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September 26 2021 6:52 PM ˚

Tawjihi students disappointed after year of online learning

(Photo: Jordan News)
(Photo: Jordan News)
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AMMAN — The Tawjihi exams, (general secondary education certificate examination), finally came to an end on Thursday. After a long and difficult year of online learning, students told Jordan News that they were frustrated with the exams’ difficulty.اضافة اعلان



The exam was “very difficult”, according to Tarek Al-Dakrouk, a student at Al-Sadara School.



“The questions contradicted the words of the Minister of Education, who said that they would be from the textbook and previous years’ (exams), but unfortunately even the easy questions required a very long solution,” he said. He added that he received financial support from his brother and mother to help him purchase internet to use the e-learning platform.



“My advice to the students of the coming year is to understand the materials well and not to rely on memorization,” said Dakrouk. “It's possible that a student`s dream of studying medicine will be lost due to unclear methodology for the examination from the ministry.”



“The questions were a little difficult,” said Maria Nassar, a student at Khadem Alharamin Alsharefeen School, in an interview with Jordan News. “Sometimes there were questions outside the syllabus or from deleted lessons. They let us down in some subjects like English.”



“I felt a great achievement that I was able to pass this stage and I felt the size of the responsibility that I had. I am happy no matter what my result is, because I know very well the amount of psychological, physical, and emotional fatigue that I faced,” she said. “I did not rely on the e-learning platform during my study and they did not mention any of the platform`s questions in the exams.”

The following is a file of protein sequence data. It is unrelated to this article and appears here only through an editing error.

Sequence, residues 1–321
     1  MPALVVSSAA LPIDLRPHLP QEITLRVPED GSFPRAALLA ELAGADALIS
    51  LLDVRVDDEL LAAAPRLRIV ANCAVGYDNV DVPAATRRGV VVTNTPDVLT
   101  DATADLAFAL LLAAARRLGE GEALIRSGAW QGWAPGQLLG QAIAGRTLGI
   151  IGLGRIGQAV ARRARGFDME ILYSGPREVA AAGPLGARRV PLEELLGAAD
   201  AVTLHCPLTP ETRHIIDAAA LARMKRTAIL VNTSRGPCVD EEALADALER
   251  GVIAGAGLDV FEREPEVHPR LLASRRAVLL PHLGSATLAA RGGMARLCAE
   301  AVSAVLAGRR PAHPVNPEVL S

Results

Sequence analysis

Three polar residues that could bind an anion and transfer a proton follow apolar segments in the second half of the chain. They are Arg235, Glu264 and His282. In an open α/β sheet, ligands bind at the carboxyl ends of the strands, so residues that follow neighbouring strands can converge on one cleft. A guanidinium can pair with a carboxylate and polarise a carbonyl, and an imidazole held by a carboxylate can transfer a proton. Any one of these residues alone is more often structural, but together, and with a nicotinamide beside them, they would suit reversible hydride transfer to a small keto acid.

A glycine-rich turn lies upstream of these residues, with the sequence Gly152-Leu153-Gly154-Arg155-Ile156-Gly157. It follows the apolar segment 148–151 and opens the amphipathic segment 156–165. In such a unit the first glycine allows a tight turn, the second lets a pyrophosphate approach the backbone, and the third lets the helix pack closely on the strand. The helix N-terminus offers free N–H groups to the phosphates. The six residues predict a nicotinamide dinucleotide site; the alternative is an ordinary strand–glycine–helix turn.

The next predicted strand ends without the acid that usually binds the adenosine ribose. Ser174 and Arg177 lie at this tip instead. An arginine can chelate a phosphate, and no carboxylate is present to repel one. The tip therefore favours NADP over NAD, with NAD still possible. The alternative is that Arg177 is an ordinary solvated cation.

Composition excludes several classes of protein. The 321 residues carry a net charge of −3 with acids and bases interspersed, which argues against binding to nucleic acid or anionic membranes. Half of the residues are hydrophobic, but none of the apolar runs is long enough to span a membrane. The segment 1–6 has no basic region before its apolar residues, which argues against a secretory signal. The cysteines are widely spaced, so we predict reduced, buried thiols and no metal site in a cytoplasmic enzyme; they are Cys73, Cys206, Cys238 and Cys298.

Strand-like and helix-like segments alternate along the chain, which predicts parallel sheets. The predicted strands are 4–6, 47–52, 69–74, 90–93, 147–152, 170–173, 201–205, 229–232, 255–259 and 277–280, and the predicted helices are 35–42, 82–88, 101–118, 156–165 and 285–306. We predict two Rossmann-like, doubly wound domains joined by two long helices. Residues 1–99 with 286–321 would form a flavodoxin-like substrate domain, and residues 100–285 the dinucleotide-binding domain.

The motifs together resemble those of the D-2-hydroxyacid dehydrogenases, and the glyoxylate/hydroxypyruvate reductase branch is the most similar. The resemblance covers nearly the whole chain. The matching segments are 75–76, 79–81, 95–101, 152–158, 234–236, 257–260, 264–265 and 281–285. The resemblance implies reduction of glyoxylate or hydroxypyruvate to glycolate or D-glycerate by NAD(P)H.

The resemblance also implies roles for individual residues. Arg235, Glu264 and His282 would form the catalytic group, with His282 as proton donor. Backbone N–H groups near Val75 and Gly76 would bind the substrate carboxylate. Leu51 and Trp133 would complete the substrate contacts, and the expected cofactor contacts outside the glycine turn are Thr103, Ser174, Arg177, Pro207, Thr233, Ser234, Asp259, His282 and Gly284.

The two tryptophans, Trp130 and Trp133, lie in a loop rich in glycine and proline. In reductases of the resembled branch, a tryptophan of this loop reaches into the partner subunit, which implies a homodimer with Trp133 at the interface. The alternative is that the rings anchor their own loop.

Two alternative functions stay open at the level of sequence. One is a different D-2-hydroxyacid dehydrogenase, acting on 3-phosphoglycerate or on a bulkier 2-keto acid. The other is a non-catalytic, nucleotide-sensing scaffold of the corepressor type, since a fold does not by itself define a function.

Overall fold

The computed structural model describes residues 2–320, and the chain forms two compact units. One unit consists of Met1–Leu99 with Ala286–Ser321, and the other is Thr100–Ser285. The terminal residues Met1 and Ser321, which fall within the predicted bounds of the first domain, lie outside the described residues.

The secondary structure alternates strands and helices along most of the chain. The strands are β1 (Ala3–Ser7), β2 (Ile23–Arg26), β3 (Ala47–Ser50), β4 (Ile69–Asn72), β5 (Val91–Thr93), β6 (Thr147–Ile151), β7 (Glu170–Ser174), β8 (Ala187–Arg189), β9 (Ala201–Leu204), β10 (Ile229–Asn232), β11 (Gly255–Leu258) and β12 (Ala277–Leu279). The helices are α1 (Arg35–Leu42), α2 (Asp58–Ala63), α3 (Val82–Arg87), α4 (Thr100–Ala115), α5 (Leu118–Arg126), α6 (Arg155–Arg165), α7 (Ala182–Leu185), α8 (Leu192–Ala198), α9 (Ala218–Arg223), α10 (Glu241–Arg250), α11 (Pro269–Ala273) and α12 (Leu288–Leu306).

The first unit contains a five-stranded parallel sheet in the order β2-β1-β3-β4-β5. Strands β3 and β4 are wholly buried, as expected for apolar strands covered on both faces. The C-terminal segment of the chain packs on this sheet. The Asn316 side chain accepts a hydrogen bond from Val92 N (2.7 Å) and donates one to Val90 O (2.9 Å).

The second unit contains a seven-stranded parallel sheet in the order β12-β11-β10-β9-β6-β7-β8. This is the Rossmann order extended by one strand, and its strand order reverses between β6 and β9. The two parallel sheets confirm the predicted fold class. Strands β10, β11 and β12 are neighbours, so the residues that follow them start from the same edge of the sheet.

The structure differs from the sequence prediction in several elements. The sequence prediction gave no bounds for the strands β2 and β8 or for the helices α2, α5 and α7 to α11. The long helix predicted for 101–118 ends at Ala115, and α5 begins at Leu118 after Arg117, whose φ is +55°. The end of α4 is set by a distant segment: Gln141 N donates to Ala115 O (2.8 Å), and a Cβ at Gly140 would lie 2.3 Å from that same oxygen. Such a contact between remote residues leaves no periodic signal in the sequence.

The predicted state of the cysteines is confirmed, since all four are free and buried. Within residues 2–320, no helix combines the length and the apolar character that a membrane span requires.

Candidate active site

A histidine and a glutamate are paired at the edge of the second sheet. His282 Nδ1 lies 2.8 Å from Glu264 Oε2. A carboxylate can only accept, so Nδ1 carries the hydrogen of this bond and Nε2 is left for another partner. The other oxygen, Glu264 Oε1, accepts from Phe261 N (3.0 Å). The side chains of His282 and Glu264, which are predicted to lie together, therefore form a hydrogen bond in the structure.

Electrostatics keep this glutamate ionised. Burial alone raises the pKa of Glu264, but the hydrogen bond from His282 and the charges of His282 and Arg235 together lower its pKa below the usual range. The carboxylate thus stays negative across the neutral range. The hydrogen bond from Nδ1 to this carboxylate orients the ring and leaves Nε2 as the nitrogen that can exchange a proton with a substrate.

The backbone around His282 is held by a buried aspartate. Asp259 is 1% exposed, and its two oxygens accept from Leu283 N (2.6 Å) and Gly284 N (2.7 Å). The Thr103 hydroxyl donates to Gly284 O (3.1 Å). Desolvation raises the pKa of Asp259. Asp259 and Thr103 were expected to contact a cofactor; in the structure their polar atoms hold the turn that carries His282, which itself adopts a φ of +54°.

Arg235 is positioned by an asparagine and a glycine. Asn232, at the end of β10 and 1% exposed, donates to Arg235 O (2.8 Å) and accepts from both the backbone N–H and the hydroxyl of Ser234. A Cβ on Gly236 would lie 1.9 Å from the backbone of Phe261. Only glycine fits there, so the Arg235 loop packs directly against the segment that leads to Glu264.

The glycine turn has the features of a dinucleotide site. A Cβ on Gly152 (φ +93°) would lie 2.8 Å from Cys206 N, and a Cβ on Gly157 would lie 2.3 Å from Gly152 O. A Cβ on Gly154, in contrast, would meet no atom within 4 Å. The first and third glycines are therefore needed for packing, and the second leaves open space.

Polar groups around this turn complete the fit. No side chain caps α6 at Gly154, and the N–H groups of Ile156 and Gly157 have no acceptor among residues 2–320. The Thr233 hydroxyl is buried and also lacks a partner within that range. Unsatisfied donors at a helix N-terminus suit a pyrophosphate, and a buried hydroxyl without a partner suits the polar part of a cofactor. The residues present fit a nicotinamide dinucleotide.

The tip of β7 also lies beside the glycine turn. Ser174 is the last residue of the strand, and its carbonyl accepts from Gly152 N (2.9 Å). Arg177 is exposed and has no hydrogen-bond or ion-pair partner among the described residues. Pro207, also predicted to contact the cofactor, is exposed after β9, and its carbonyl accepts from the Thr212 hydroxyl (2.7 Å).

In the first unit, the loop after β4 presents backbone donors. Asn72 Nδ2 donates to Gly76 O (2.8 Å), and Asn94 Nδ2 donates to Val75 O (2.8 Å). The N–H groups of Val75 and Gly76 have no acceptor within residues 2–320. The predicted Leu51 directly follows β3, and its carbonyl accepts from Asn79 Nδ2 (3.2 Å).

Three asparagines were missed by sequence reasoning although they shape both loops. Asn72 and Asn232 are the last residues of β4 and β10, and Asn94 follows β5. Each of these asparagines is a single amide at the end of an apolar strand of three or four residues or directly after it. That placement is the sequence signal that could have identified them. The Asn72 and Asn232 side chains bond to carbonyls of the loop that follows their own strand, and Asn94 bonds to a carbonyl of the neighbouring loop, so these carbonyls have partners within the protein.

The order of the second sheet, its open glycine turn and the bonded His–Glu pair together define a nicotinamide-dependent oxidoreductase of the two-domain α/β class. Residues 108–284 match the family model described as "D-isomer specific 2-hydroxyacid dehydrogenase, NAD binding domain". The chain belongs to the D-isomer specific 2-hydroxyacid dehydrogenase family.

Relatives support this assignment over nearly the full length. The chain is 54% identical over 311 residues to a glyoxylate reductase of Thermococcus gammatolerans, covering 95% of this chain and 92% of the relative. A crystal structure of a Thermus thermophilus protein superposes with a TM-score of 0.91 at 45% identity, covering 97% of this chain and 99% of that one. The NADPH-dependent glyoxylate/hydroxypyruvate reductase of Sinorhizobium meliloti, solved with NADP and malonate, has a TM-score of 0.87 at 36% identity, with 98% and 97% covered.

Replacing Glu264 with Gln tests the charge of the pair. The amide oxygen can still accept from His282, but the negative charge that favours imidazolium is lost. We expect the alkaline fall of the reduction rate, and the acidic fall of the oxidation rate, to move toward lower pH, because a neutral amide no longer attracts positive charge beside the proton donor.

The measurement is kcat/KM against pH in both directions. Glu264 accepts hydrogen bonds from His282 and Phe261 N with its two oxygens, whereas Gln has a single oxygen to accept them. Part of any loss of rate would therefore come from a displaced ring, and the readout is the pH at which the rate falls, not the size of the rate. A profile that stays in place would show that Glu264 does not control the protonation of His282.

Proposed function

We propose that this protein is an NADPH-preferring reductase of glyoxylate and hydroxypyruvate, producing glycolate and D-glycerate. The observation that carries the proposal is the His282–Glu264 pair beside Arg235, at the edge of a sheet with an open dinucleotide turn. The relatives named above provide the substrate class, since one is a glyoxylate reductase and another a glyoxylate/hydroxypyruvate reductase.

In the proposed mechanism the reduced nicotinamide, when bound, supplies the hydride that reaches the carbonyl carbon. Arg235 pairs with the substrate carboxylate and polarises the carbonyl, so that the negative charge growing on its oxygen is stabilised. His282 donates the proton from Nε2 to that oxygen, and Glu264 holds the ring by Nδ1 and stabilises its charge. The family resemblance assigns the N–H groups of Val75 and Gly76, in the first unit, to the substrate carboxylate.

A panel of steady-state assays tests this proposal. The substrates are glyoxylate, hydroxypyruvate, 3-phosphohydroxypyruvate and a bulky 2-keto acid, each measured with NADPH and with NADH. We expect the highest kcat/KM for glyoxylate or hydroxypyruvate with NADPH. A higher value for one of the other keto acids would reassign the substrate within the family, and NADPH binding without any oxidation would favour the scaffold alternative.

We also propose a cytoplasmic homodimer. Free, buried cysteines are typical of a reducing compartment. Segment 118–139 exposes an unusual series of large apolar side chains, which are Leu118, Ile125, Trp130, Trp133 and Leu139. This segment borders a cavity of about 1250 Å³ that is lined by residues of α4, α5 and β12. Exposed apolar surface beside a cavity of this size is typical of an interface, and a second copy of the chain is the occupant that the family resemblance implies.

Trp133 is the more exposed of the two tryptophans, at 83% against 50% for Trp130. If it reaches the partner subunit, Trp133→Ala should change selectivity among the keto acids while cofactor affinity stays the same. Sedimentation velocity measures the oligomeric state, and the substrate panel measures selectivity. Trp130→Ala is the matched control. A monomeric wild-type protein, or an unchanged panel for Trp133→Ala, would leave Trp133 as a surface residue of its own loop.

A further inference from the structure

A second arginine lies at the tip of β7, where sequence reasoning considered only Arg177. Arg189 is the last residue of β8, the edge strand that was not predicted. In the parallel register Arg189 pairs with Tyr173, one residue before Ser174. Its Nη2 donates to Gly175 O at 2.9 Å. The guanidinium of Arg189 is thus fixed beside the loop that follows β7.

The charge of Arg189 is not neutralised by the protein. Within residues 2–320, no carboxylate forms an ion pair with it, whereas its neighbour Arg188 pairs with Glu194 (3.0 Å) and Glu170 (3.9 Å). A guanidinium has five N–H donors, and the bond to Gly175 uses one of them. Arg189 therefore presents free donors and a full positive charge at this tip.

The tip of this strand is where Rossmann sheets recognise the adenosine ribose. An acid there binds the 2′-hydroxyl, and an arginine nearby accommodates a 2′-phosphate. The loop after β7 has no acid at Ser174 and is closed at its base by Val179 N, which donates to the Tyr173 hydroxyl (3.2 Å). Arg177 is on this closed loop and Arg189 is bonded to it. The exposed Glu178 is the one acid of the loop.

For Nassar, as for many students, the past year of online learning made the exam more difficult. “There is a big difference between the students who studied with face-to-face education and the students who have taken e-learning,” she said.



The students who took in-person classes or could “ask their teacher any question they don’t understand at the same moment, and also take some tests to review their information with their teacher,” she added.



The students that used e-learning platforms or “social networking sites such as Facebook and YouTube (for information)” were left out, because not all lessons are explained on YouTube, she said.



“I have not received any psychological or financial support. I was alone almost all this year alone,” said the student. “During this period, I got thinner and pimples appeared on my face because of the psychological exhaustion I am in.”



Current students aren’t the only ones frustrated with the final examinations. On Friday, economic expert, vice chair, and CEO of the Alia Group, and founder of the “Made in Jordan” campaign, Musa Saket took to Twitter to criticize the exams. He wrote that “outdated methods will kill creativity” and called for the format of the exam to be updated.



“It is not reasonable to shorten 12 years into one exam, especially since the evaluation must be for a full 12 years,” he said.

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